Assessment of mechanisms for enhanced performance of Yb/Er/titania photocatalysts for organic degradation: Role of rare earth elements in the titania phase

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The effect of doping titania with rare earth erbium and ytterbium ions on photocatalytic degradation of a real pollutant (phenol) and a model pollutant was studied under simulated solar radiation and using light of specific frequencies in the ultraviolet, green, red, and infrared regions via LEDs. The goal of this study was to quantify the effect of these dopants on photocatalytic degradation rates and critically assess the phenomena (upconversion, adsorption, recombination kinetics, etc) responsible for improved performance upon rare earth ion doping of titania. A hydrothermal process was modified to synthesize pure anatase and rare earth ion doped TiO2. The doped catalysts contained 2% Er and 0, 10, 15, or 20% Yb, on an elemental basis. These photocatalysts were characterized for structure, composition, surface area, particle size, bandgap, and band edge positions. The results indicated that the rare earth elements substituted in the titania phases, which were the crystalline anatase and amorphous titania phases. Aqueous-phase photocatalytic degradation rate constants for both organics under a variety of light irradiation conditions were quantified via slurry batch reactor studies in the liquid phase using pseudo first-order kinetics. On reactor volume and catalyst mass bases (same trends due to same catalyst loading), the 2% Er/TiO2 catalyst performed ∼3× better (compared to ∼10× on surface area basis) and the 2% Er 10%Yb/TiO2 catalyst performed ∼1.7× (∼3.5× better on surface area basis) than the pure titania sample for phenol degradation under simulated solar irradiation. Though there were minor differences because the model pollutant (Rose Bengal) adsorbed during dark equilibration and phenol did not, similar enhancements were observed for photodegradation of Rose Bengal. Photodegradation was further studied using high-intensity LED irradiation at different narrow wavelengths (405, 530, 660, and 940 nm) which matched the photon absorption energies related to upconversion of the doped samples. Phenol conversion was observed only for the UV (405 nm) source. Similar observations were made for Rose Bengal degradation. A conclusion was reached that upconversion did not contribution to the photocatalytic performance under simulated solar insolation. Combined with the lack of phenol adsorption during dark equilibration for any of the samples, photon energy of the excitation source relative to the band gap and differences in defect chemistry on key kinetic steps are the only plausible explanations for the enhanced performance of these rare earth doped samples compared to pure titania.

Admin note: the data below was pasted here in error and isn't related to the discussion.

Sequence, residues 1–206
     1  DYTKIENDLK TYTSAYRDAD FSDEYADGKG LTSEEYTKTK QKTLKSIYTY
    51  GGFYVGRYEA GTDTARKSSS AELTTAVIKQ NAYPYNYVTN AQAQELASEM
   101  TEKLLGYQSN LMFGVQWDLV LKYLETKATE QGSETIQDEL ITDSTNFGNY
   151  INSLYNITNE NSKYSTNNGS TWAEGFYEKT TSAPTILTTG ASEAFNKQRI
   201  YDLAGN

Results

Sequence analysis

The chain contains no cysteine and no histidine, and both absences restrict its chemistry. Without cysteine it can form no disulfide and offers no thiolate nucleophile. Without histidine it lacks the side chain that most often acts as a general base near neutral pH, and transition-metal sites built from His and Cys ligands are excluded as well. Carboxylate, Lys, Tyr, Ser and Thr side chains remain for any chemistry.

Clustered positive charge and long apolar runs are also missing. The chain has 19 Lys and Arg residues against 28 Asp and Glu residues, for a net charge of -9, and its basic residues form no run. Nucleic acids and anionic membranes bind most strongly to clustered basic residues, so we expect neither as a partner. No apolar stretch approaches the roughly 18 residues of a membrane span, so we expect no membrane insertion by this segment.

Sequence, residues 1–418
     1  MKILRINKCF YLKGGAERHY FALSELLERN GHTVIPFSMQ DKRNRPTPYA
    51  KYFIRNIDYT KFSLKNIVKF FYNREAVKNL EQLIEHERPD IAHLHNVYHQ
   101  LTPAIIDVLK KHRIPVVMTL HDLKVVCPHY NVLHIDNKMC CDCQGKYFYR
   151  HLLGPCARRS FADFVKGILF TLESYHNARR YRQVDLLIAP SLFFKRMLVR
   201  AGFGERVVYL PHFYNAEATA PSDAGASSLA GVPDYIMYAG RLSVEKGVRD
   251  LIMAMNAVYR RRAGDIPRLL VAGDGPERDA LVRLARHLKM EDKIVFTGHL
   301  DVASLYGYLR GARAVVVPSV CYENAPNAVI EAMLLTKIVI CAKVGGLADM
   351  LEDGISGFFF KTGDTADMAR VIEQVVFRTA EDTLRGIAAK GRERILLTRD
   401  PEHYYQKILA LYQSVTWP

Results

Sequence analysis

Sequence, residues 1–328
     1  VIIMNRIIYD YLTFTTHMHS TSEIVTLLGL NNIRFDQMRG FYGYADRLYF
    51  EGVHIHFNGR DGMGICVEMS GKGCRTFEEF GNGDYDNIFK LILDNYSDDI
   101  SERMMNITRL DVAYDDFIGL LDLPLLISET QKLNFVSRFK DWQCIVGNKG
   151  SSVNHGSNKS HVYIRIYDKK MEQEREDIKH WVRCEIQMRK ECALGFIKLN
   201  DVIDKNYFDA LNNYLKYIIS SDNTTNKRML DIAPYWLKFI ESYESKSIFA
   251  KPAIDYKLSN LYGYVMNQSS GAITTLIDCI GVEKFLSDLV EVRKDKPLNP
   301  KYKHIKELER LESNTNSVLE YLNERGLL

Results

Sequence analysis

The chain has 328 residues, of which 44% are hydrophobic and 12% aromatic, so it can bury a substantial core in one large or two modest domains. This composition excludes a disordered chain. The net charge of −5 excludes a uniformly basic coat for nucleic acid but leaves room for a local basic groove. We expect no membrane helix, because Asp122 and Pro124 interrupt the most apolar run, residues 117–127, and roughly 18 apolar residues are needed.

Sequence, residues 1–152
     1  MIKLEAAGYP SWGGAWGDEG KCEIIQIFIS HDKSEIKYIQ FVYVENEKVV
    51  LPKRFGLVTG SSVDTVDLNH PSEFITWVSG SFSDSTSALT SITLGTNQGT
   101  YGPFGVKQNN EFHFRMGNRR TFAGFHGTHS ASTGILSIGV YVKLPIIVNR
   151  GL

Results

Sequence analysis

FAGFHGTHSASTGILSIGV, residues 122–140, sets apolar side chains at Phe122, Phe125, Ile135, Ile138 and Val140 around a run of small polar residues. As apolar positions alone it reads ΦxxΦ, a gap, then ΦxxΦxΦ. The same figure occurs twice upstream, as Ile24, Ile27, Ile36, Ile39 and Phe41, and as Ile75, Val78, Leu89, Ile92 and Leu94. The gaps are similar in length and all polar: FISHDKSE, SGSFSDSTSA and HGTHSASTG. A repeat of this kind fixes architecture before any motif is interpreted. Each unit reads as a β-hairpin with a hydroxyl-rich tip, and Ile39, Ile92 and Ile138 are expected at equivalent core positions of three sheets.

Bhethanabotla, V. C., Russell, D. R., & Kuhn, J. N. (2017). Assessment of mechanisms for enhanced performance of Yb/Er/titania photocatalysts for organic degradation: Role of rare earth elements in the titania phase. Applied Catalysis B: Environmental, 202, 156–164.

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